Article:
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Beinn Iaruinn and Leana Mhor: confirmation by ice

Beinn Iaruinn and Leana Mhor: confirmation by ice


Postby BlackPanther » Wed Dec 06, 2017 6:40 pm

Route description: Beinn Iaruinn and Leana Mhor, Glen Roy

Corbetts included on this walk: Beinn Iaruinn

Grahams included on this walk: Leana Mhor (Glen Roy West)

Date walked: 03/12/2017

Time taken: 5.5 hours

Distance: 10 km

Ascent: 800m

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We hadn't planned any hillwalking outings this weekend, but having seen good weather forecast we had a last-minute change of hearts and instead of heading to Inverness Eastgate Shopping Centre we visited Leana Mhor Westside of Glen Roy :lol: It was the last unclimbed Graham in this glen for us and we deliberately kept it for a shorter winter day. It can be climbed by itself but that makes for a very short outing so an addition of the neighbouring Corbett, Beinn Iaruinn, seemed logical. My inner Mr Spock has spoken :lol: :lol:

The title of this TR refers to my first visit to Beinn Iaruinn, almost a decade ago. It was a hot summer day, merciless sun, and Kevin thought it would be a good idea to scramble up the rocks on the southern side of Coire nan Eun. I had absolutely no experience in scrambling then. Later I called it christening by fire :lol: Thinking about it now, this story deserves a separate report, as one of my "archive stories". Now if the first visit was baptizing by fire, the second had to be confirmation by ice (as in catholic church :wink: ).
Coire nan Eun seen from Carn Dearg across the glen. The "christening by fire" scrambling route to the left:
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It's been a long time since that hot summer day in 2008 and I faced more difficult slopes, but the sentiment to Beinn Iaruinn remained and I wanted to return and climb this hill again, not necessarily by the same route though :lol: The combination with Leana Mhor is an excellent way to avoid the steepest ascent/descent and still enjoy the charms of Glen Roy.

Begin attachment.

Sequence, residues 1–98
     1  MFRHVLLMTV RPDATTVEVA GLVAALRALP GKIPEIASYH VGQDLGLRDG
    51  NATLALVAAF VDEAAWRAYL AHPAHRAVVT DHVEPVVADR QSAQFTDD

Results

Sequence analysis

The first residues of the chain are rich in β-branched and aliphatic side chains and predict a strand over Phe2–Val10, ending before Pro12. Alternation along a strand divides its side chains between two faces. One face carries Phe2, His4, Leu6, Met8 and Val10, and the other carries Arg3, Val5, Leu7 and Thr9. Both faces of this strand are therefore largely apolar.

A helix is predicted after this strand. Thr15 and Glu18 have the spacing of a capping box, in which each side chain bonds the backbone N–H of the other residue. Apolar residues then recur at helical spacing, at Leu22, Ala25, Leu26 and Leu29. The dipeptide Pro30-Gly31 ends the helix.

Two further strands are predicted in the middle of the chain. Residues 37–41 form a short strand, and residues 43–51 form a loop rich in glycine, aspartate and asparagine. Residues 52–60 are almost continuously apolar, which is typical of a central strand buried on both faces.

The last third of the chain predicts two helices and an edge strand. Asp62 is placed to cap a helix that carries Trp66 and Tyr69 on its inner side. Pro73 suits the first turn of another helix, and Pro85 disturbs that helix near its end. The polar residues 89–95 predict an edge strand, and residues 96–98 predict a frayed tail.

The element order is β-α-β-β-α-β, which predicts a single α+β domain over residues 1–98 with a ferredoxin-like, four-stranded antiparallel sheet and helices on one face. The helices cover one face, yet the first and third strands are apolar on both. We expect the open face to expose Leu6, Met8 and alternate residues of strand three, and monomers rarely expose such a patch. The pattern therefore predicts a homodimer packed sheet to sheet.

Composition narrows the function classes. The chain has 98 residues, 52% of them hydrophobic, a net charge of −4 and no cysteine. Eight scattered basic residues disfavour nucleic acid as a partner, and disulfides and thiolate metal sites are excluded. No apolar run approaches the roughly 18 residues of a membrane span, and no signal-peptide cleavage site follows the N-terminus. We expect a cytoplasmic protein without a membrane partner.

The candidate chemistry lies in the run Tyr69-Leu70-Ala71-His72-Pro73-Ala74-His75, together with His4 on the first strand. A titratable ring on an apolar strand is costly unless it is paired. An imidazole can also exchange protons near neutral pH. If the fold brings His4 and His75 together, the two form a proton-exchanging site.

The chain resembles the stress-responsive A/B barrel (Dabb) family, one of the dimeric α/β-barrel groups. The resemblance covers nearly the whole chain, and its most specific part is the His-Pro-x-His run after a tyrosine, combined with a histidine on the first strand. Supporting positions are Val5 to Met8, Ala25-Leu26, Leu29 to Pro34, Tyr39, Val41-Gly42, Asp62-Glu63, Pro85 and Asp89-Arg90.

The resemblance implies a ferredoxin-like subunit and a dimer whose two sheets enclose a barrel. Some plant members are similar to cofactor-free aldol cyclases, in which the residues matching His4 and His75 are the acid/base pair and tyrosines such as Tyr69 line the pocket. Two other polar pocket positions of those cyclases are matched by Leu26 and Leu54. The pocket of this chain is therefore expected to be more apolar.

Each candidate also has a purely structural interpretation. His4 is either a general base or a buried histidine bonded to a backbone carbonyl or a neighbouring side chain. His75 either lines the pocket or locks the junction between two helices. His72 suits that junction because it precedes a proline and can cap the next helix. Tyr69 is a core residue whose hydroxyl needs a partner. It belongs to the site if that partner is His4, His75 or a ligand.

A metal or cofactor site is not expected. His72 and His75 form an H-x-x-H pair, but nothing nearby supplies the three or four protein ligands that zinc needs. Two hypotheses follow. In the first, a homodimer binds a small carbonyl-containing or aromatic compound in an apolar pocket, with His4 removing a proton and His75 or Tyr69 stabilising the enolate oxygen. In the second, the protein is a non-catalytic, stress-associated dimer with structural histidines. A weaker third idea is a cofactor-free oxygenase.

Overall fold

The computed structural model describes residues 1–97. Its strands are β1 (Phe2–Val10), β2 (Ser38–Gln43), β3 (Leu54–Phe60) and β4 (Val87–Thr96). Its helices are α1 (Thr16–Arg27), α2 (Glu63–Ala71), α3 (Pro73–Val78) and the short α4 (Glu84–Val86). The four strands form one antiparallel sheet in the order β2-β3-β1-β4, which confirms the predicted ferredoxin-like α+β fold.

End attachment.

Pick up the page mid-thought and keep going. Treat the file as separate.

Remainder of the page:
We followed the WH route most of the time, starting from the bridge over the Allt a'Bhreac Achaidh and climbing steeply up Leana Mhor first, then traversing to the Corbett. On the descent we picked a faint, boggy path from the 515m bealach back to the bridge. Most of the route is pathless and the lower slopes would be overgrown with high bracken in summer months, but going was surprisingly easy most of the time :D

Track_GLEN ROY 3-12-17.gpx Open full screen  NB: Walkhighlands is not responsible for the accuracy of gpx files in users posts


Of course, writing about Glen Roy I can't forget to mention the parallel roads, a unique feature created with the help of a glacier. They run along both sides of the glen at heights of 260m, 325m and 350m. They represent different levels of ice-damned lake (or should I say loch as we are in Scotland?) filling the bottom of Glen Roy some 12 000 years ago. To me they always looked like man-made tracks. So odd that nature created something so perfectly linear and parallel :D
The parallel roads well visible on the slope of Eastern Leana Mhor, from our parking spot:
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It was a bright Sunday morning and forecast was dry with a chance of cloud later on. Looking south to the entrance of the glen, I saw the outline of the Easains:
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The WH route suggests following the fence from the starting point, but we decided to walk about 400m back along the road to the opposite end of the fenced off pasture, where the ground looked a bit less boggy and overgrown. It makes little difference as this side of Leana Mhor is just as steep everywhere :lol:
We carried crampons just in case but it turned out to be an unnecessary precaution; we didn't encounter any hard ice and what snow remained was soft. As we gained height, the most intriguing view was north into upper Glen Roy: